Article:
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Lowell Herr
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Retired physics instructor and now editor of the ITA Wealth Management investment blog. http://itawealthmanagement.com
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ITA Wealth Management
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ITA Wealth Management
  • Requirements For Selecting A Money Manager 1 comment
    Jul 9, 2012 8:48 AM
    What To Look For When Selecting A Money Manager

    While I am a strong advocate of "do-it-yourself" investing, there are situations were a money manager is useful. How does one select a manager? Here are a few suggestions.

    1. Seek a trusted friend and ask them who they use as a money manager. Ask around.

    2. Is the manager certified? In "The Bogleheads' Guide to Investing" there are nearly two pages of professional designations. Look for someone who has passed the Certified Financial Planner (NYSEMKT:CFP) exam.

    3. Don't use a stock broker as a money manager. There is a conflict of interest between giving advice and selling stock or actively managed mutual funds from the brokerage house.

    4. Look for a fee based only manager.

    5. If the manager is going to charge a percentage of the money managed, check the rate schedule. The larger the amount of money under management, the lower the percentage. Be wary if the percentage exceeds 50 basis points or 0.50% per year. If the fee is 90 or 100 basis points, look elsewhere for a manager unless unusual servers are provided.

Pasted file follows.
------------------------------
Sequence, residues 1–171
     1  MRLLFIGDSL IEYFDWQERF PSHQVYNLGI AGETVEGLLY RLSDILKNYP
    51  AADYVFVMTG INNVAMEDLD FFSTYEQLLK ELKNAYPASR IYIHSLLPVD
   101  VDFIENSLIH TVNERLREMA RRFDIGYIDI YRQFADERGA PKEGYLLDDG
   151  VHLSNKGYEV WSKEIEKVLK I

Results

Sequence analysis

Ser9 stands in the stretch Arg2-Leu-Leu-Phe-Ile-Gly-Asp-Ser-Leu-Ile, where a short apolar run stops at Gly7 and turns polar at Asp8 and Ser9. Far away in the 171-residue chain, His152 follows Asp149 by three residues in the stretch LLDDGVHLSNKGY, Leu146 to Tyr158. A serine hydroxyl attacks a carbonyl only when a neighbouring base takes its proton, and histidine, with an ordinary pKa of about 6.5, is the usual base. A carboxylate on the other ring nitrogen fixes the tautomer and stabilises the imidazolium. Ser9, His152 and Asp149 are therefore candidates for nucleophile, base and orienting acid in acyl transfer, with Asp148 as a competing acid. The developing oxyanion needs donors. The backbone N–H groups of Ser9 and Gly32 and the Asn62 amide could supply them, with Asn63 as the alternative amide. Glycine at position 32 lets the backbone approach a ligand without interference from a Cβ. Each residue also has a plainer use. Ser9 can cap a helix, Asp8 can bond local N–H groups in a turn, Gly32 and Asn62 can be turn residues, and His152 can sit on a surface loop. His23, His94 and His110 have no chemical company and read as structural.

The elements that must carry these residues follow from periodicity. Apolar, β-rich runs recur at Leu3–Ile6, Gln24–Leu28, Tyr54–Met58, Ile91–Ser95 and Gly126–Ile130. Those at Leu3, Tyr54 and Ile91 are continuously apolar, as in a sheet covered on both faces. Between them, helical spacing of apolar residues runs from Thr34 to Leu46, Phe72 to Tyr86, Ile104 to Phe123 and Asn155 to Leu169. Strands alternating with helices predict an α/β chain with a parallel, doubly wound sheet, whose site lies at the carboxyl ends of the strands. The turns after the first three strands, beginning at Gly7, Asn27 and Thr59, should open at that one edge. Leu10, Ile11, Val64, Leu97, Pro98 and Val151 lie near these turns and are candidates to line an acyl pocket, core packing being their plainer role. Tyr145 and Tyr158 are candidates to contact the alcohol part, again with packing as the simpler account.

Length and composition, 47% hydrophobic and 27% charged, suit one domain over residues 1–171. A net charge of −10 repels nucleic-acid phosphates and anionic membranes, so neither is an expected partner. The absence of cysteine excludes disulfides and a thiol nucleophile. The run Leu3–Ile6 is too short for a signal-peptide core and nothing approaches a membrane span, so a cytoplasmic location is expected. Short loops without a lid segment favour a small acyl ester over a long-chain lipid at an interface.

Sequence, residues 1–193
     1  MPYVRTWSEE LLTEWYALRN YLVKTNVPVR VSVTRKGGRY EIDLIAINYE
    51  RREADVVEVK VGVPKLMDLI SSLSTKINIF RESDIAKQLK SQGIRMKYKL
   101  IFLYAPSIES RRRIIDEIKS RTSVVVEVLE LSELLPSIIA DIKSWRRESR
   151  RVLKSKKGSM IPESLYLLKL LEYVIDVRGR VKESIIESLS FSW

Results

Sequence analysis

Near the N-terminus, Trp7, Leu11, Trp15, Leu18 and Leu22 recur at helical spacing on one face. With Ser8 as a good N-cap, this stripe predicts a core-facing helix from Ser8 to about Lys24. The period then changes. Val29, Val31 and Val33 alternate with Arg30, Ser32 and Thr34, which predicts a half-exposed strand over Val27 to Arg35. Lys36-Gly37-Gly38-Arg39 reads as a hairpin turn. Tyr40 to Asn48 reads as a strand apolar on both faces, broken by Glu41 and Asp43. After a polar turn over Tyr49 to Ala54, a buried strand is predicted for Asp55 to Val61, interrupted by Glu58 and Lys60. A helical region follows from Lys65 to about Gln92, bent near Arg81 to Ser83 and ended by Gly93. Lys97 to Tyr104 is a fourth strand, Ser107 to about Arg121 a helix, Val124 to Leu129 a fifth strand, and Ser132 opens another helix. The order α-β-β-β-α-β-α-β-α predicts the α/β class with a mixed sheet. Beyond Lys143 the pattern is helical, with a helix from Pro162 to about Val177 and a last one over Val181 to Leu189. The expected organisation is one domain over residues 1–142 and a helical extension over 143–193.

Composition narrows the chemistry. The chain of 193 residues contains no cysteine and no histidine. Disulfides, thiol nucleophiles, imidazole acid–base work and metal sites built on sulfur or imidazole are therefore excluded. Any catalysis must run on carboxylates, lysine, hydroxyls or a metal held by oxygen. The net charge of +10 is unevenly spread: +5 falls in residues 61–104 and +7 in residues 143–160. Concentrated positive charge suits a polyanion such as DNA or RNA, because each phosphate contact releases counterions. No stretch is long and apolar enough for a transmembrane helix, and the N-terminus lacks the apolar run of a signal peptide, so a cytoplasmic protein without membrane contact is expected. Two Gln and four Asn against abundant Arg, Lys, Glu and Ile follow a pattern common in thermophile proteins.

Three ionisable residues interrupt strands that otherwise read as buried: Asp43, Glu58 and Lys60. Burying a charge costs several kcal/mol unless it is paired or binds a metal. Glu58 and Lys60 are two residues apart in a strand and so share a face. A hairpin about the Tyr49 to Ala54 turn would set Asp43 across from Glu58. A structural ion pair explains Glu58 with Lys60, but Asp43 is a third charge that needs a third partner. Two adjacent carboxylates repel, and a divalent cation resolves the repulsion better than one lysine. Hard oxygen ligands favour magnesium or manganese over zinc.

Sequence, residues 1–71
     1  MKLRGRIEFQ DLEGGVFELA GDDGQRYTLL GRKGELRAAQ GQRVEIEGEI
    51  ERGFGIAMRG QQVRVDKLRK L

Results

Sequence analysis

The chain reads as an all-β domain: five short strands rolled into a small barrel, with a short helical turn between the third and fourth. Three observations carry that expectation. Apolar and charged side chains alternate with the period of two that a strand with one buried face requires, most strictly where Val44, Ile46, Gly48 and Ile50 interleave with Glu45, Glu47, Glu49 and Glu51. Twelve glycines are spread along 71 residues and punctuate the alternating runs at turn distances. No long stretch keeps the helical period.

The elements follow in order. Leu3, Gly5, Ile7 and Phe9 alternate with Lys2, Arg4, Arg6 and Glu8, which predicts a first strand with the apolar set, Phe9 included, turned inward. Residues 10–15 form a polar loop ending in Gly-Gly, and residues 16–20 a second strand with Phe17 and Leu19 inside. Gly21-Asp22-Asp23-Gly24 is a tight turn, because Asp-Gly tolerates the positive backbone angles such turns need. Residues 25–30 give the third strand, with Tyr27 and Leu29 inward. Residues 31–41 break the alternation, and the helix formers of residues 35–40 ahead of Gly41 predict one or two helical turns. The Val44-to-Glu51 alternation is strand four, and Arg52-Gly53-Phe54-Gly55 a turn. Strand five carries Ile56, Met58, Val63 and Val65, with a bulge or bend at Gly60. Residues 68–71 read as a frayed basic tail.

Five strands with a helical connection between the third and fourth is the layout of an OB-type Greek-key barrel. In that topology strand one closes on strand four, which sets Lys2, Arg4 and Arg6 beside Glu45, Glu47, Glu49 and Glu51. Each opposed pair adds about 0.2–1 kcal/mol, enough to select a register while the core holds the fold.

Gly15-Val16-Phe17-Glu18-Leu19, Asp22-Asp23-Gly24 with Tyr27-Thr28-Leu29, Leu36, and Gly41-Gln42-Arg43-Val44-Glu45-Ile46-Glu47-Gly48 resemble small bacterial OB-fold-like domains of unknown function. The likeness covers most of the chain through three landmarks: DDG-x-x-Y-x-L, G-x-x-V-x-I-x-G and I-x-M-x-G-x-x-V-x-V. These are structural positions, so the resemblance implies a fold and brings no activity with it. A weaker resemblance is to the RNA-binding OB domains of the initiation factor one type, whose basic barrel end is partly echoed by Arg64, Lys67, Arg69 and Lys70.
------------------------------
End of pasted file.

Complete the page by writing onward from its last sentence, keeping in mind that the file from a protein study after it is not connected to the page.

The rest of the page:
6. What kind of reporting is provided? If the manager is unable to provide Internal Rate of Return (IRR) results for the portfolio, look elsewhere. The TLH spreadsheet, when used properly, provides this information.

    7. Ask the money manager what they are using as a portfolio benchmark? Is the benchmark customized to fit the portfolio? If not, why not? The TLH spreadsheet provides this information.

    8. Will the money manager work with you to build a portfolio that will meet your risk requirements? Once more, the TLH spreadsheet will not only provide portfolio volatility information, but will do it using a semi-variance calculation where only the downside volatility is of concern. For more information research the Sortino Ratio on this blog.

    9. Before you hire a money manager, read a few of the Top Ten Investment Books recommended on this blog.

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  • Right Blend Investing, LLC
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    I think that it is unrealistic for an advisor to charge 50 basis points for money management.


    I'm a fee-based advisor and I charge 1%. I've found it difficult to serve clients below $1 million at 50bps, unless they are in a model portfolio. Even then, it's not easy.


    The compliance costs alone are a killer, as well as the time and energy to draw up an Investment Policy Statement, perform due diligence, and meet regularly with the client.


    Active management costs money, and I have no qualms about charging for it. I am a fiduciary, and worth every penny--just ask one of my clients.


    For the situation you describe, perhaps someone is best off with hourly advice, which I also offer. But that's another story.
    9 Jul 2012, 04:55 PM Reply Like
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